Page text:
About an interrupted childhood...
After two hours of carefree play, he returned home. At the door, he was greeted by the troubled face of their maid Jaga....
Slavko forever remembered the moment when his childhood was interrupted. It was in April 1941. And as an old man, he remembered that unfortunate day well... That morning, his best friend visited him. He invited Slavko to play in the streets of Karlovac. Thirteen-year-old Slavko immediately rushed towards the door. Running down the long corridor, he almost bumped into a tall figure. His father blocked his way. His face was worried. In a serious tone, he asked Slavko where he had gone. Slavko replied that he was going to play. Seeing that the father was upset, he asked him if he could. Father nodded affirmatively. - Just come back before lunch! - he shouted after him, but the boy had already run away.
Just a day before, massive tanks of the Third Reich arrived in Karlovac. The Ustashas had already started propaganda that denigrated the Jews, turned their neighbors and former friends against them, and eventually tortured them and sent them to camps. Slavko did not expect all of this back then.
After two hours of carefree play, he returned home. At the door, he was greeted by the troubled face of their maid, Jaga. - Your father was taken to prison. - she told him shortly. The previously playful boy suddenly became the head of the house.
After a few weeks, they also took the mother away. The mother believed that the good and beloved servant Jaga, a peasant and a Croat, would take care of the boys, so she was not afraid to leave. But the Ustashas had another plan. They imprisoned both the mother and the maid, and the boys were left alone.
The next day, early in the morning, the railwayman rang the bell and without a word handed Slavko a telegram that read in German "They are taking me to Lika. I'll get back to you as soon as I can." Not knowing that his father was taken to the Jadovno concentration camp that day, Slavko believed that he would see him again.
During those terrible days, little Slavko had to take care of himself, but also of his younger brother Danko. His mother's friends helped him financially. He soon lost his only home. The family apartment was assigned to a local Ustasha commander. Slavko remembered the day when he knocked on the door to claim it. He told him: - Slavko, I got this apartment. You don't even have to move out right away, take a few days and get used to it. –
Shaken and lost, the boy went to his mother's friend. He devised a plan with her. Younger brother Danko was sent to Tuzla, and Slavko tried to go to Jaga, who was released in the meantime. The plan was to travel by boat. In Karlovac, he was waiting for the boat that brought peasants from the surrounding towns every Thursday so that they could come to the fair. Early in the morning, immediately after the arrival of the ship, he hid in it, and thus hid the whole day waiting for departure. The ship set sail in the evening...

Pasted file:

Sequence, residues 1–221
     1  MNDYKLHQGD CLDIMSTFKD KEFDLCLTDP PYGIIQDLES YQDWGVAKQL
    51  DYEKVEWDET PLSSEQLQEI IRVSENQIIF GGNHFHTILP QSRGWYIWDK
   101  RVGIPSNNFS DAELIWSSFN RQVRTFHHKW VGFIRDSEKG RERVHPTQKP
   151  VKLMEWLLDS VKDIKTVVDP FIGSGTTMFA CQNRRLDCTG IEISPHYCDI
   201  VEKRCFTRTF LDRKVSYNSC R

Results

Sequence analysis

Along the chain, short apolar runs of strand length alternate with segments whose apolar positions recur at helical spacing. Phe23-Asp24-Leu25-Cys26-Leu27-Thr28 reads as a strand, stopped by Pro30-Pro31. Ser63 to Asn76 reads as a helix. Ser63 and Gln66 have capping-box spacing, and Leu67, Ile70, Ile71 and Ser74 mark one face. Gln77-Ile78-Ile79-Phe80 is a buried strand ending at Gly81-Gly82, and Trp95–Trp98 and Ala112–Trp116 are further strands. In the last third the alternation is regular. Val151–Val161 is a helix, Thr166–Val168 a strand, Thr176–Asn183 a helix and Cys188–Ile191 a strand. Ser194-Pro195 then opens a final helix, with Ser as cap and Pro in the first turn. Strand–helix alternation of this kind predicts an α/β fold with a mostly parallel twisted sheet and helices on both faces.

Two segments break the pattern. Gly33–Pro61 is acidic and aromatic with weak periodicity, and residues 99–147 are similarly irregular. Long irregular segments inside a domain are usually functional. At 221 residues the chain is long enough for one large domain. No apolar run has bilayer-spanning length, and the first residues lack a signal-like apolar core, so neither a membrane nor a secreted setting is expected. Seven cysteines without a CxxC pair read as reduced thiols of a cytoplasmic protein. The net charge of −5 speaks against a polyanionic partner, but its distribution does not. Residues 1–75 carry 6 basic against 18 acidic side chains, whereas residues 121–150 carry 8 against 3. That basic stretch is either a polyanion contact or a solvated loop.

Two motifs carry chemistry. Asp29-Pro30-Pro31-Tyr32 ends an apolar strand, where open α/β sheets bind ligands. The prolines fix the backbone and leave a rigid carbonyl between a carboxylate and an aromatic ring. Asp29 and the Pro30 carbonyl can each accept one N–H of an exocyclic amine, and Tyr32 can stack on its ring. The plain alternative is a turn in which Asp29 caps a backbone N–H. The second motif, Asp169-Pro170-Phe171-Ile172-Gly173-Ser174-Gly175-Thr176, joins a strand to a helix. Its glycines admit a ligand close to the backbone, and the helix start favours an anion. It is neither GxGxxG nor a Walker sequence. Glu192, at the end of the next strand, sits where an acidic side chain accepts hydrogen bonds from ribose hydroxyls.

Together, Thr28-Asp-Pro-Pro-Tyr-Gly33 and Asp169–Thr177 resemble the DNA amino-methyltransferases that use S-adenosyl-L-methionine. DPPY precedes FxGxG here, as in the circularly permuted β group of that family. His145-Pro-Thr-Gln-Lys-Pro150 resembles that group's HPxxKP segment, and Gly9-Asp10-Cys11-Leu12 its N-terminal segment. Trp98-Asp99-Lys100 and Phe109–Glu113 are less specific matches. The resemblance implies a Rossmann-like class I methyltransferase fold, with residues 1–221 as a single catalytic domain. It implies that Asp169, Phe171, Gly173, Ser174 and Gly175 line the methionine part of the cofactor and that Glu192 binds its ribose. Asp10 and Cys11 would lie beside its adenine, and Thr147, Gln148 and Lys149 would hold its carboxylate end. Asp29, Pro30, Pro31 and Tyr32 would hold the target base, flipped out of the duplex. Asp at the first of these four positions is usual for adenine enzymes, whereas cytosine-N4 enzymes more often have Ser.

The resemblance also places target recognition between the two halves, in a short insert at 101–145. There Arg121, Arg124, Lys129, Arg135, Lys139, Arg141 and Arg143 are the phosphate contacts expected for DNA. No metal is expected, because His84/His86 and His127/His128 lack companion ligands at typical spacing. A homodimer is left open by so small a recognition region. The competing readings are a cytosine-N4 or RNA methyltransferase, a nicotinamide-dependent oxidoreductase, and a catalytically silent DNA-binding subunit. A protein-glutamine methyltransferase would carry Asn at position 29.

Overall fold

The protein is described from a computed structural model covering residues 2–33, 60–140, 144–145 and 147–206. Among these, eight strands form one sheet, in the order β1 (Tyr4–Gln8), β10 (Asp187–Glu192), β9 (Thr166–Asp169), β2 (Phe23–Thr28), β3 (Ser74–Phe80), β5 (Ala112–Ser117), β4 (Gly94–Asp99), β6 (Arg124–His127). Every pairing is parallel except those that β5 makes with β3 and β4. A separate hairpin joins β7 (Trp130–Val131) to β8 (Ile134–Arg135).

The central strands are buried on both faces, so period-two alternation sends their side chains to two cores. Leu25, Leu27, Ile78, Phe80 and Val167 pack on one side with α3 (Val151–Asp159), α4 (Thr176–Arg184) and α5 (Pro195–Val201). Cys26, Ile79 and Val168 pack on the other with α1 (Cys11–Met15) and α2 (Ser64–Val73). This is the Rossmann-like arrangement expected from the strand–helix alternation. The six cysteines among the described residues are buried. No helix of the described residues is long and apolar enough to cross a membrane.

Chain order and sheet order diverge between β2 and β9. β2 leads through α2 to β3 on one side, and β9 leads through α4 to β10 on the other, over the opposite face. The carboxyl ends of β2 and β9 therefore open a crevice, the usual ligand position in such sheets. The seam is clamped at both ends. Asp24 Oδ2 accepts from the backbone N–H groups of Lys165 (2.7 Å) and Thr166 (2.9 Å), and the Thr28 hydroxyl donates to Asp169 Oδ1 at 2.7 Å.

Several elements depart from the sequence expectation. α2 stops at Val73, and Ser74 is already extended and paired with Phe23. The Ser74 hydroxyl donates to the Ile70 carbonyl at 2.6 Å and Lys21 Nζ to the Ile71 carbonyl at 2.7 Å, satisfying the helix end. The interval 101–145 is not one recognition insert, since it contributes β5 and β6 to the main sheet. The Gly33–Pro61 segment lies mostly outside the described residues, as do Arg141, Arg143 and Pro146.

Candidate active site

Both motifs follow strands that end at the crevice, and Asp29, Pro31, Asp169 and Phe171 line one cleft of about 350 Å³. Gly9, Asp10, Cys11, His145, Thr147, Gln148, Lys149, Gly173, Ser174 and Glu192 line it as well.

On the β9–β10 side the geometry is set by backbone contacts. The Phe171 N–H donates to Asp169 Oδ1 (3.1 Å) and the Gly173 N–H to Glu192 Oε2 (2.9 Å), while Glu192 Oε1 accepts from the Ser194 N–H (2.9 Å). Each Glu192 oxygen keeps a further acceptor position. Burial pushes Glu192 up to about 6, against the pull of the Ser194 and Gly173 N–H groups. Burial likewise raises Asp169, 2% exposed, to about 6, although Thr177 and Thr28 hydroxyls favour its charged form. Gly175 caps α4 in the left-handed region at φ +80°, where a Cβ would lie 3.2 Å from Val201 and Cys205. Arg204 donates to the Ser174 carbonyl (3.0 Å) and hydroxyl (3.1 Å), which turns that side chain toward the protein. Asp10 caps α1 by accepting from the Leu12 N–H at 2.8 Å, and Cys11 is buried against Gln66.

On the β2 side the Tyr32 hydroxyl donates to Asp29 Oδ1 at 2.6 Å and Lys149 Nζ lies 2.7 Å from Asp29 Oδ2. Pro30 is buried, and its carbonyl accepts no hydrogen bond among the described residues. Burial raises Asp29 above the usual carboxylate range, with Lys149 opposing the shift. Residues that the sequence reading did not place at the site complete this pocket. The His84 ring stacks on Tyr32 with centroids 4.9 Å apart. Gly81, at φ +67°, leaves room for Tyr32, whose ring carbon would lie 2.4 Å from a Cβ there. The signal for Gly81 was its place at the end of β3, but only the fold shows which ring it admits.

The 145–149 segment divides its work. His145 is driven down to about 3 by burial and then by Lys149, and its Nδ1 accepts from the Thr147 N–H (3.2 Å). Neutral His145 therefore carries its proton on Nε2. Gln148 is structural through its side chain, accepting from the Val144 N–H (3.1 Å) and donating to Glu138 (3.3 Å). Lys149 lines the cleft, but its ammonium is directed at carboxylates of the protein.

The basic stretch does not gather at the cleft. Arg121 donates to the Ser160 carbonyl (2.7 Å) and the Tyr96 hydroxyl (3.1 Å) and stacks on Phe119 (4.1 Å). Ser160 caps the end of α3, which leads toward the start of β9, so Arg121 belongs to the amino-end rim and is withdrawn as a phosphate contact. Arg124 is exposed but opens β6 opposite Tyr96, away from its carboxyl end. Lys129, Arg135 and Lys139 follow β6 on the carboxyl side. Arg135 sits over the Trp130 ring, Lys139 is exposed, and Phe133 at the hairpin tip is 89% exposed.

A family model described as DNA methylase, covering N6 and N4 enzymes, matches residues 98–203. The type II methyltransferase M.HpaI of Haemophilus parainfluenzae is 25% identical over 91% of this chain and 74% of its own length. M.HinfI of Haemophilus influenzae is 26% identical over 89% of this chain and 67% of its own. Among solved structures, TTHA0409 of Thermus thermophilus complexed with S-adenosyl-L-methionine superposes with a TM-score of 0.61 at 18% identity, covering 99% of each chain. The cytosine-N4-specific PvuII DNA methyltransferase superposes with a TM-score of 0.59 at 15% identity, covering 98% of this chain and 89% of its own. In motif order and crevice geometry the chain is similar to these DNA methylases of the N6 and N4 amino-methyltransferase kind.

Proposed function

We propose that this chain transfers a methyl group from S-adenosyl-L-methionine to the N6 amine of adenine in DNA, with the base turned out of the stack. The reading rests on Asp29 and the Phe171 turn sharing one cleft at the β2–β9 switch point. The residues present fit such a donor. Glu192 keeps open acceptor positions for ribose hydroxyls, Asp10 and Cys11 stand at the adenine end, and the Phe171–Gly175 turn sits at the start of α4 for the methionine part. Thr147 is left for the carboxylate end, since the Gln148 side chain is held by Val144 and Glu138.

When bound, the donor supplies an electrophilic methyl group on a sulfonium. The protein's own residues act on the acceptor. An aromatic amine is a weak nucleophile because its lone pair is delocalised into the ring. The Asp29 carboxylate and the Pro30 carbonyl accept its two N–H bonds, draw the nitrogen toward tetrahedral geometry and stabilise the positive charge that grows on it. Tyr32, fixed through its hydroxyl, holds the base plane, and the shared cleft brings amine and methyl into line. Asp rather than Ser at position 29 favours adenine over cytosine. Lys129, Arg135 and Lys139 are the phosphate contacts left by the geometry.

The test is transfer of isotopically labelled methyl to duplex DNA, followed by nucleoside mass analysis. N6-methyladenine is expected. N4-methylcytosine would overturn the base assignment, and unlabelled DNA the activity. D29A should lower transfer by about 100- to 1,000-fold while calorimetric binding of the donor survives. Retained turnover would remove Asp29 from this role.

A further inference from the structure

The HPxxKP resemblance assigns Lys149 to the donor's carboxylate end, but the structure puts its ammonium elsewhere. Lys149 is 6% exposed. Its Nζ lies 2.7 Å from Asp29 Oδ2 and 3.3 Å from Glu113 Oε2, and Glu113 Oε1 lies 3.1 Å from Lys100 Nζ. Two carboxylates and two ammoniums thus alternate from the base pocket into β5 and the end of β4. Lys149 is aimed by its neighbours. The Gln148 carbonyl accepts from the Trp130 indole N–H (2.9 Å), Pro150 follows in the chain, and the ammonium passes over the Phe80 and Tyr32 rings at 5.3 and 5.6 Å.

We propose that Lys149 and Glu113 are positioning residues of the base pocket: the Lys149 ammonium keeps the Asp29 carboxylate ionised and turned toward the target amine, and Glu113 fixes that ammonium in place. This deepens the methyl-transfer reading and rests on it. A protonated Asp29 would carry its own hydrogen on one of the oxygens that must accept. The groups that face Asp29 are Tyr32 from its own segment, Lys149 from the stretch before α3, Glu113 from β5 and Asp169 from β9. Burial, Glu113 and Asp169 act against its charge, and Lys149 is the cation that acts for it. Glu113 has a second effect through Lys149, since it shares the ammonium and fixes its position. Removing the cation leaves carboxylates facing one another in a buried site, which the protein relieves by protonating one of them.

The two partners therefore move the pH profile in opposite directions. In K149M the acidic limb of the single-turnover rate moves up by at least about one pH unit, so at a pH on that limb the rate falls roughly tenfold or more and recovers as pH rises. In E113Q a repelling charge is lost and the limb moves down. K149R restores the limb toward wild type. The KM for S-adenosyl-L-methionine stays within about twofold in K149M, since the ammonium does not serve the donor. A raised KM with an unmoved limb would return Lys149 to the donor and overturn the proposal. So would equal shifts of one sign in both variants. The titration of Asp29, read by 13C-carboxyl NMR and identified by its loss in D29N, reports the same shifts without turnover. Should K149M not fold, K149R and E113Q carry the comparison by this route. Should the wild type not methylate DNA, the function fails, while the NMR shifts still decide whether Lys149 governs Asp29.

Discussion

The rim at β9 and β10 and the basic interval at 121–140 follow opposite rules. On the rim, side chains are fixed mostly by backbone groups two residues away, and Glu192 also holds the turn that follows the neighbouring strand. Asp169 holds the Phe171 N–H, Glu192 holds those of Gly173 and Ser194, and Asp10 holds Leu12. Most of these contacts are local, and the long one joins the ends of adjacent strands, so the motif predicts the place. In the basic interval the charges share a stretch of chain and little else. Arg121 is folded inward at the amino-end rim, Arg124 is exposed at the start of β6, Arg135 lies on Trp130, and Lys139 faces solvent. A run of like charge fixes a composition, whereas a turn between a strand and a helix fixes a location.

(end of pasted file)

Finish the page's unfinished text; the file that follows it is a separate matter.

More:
Slavko happily arrived in Banski Kovačevac. The whole village knew that the family was hiding a little Jew, but nobody betrayed Slavko. There he also got books from a local teacher so that he could learn a little, and Jaga took him to church. He lived as happily as a refugee can be called happy, until one day Jaga's cousin arrived.
He told him that an offensive was being prepared in the village. He warned him that it would be stormy and that it was best for him to go to his mother. By that time, the mother had already been released from the Women's Penitentiary in Savska cesta on the initiative of the Karlovac Ustasha prison controller, who was merciful to his fellow citizens, and left for Kraljevica.
Slavko was then taken to a train and sent to Kraljevica, which was under Italian occupation. Mother, seeing Slavko, was very happy. She said that now she will also bring Danko. In order to bring the younger brother from Tuzla, they asked for help from a young Ustasha lieutenant who was not politically active. The young man was easily able to obtain an Italian travel pass. He went to Tuzla and took over little Danko. When they were waiting for the train at the station, he told him to tell everyone how his older brother was doing.
They legitimized them many times, but little Danko lied deceitfully. The duo successfully arrived in Kraljevica. The family was together again. But not for long. Slavka and his mother realized that their only chance for survival was to join the partisans. And then Slavko's exciting life story just began...
At the end of the war, Slavko was only 17 years old, and he already held the rank of partisan lieutenant. Then, together with his brother, he went to Israel where he participated in the establishment of the new Jewish state. After that he returned to Yugoslavia where he studied literature and philosophy at the Faculty of Philosophy in Zagreb. Then he started working as a journalist, and he also founded the popular newspaper "Vjesnik u seredu", the HSLS party, and even wrote screenplays for which he was awarded.
A difficult childhood made him stronger. We remember him as an important Croatian politician, screenwriter, lexicographer and historian, and his contribution to Croatian culture is immeasurable.